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If I’m feeling sad during menopause, what can help me?

Dr. Michael Roizen, MD
Internal Medicine

Depression is more serious than occasional sadness. And that is something no one should dismiss or ignore. During menopause, your plummeting estrogen levels affect your feel-good brain chemicals: serotonin, dopamine, and endorphins. (As if hot flashes weren’t enough to deal with!) Not to mention, fluctuating hormones can also kick up testosterone (yup, women have some, too), which may also sour your mood. Luckily, most antidepressants (and lifestyle interventions) work by boosting these feel-good brain chemicals back to normal levels. So if you are feeling sad more days than not, tell your doctor. He can talk to you about antidepressant medication options as well as things like exercise, getting better sleep (by wearing loose clothing to bed and keeping a fan nearby), and stress reduction techniques. He may refer you to a therapist or psychiatrist who will be better equipped to talk to you about your symptoms and give you coping techniques. Bottom line, you have a lot of options.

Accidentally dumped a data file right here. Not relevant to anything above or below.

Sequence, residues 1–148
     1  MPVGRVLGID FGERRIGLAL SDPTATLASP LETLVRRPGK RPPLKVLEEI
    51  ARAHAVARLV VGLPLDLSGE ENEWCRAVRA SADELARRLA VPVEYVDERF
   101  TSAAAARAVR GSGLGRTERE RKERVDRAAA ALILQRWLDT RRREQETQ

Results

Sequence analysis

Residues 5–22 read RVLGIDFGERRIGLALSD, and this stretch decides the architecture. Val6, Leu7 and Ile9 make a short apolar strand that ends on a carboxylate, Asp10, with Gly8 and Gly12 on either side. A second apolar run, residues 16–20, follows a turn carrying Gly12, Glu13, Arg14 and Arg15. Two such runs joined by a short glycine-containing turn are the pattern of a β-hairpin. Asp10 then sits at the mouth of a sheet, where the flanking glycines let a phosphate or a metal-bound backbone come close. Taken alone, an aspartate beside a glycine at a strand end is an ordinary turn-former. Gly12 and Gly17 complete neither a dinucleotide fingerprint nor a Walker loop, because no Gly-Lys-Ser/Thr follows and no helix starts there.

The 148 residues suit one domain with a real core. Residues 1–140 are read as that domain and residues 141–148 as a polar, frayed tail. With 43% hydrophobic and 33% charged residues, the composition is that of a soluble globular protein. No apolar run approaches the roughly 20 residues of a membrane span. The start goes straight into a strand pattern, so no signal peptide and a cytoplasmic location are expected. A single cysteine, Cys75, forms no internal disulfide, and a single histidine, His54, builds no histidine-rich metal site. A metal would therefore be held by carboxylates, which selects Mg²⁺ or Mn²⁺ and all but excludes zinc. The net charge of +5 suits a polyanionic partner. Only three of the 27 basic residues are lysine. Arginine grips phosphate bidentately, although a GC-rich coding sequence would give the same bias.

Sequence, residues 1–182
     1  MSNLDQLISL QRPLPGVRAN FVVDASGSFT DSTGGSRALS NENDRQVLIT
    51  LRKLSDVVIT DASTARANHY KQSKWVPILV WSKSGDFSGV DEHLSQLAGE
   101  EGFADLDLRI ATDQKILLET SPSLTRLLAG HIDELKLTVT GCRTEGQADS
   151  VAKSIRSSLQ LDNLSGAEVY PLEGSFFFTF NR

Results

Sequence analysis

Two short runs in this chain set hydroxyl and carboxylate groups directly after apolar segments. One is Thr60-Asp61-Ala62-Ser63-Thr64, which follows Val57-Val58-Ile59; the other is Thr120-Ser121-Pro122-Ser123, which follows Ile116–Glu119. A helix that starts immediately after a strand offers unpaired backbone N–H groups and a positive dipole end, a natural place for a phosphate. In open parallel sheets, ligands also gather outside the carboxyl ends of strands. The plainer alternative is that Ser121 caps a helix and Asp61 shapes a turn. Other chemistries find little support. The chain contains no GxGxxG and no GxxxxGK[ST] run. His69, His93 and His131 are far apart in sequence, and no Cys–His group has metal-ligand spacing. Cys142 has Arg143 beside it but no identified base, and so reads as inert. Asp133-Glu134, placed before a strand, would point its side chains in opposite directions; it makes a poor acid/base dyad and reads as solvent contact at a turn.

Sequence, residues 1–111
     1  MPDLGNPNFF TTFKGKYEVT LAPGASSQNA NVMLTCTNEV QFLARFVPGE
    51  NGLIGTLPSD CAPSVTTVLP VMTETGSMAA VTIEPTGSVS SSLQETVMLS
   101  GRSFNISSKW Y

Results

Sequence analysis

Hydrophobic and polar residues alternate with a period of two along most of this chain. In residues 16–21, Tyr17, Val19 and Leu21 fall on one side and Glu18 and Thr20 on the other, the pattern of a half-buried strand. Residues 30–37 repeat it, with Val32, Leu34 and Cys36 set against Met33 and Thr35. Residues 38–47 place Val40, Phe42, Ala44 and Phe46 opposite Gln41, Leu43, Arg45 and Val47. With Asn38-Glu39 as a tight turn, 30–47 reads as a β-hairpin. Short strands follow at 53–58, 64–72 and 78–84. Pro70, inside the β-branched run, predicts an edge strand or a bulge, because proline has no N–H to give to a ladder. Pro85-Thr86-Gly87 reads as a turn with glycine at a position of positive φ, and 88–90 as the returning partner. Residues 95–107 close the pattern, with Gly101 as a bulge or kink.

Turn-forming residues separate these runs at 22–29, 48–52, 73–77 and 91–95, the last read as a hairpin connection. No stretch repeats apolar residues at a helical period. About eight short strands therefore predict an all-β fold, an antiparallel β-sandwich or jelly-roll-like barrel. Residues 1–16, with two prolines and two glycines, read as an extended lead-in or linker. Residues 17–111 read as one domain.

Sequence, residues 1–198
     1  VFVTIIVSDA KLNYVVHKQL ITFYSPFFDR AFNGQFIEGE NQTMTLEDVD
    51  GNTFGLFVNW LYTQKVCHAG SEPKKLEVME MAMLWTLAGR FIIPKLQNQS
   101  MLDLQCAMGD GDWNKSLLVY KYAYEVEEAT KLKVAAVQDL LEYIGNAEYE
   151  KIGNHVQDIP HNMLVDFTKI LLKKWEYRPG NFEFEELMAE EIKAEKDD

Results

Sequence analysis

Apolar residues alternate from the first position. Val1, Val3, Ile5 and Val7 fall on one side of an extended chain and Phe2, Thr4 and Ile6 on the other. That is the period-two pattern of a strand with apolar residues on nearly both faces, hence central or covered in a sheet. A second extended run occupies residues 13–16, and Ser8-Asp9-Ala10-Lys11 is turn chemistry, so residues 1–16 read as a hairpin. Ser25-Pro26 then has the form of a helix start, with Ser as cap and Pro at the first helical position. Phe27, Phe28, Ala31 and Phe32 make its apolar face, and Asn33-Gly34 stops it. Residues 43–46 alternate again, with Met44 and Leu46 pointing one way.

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Important: This content reflects information from various individuals and organizations and may offer alternative or opposing points of view. It should not be used for medical advice, diagnosis or treatment. As always, you should consult with your healthcare provider about your specific health needs.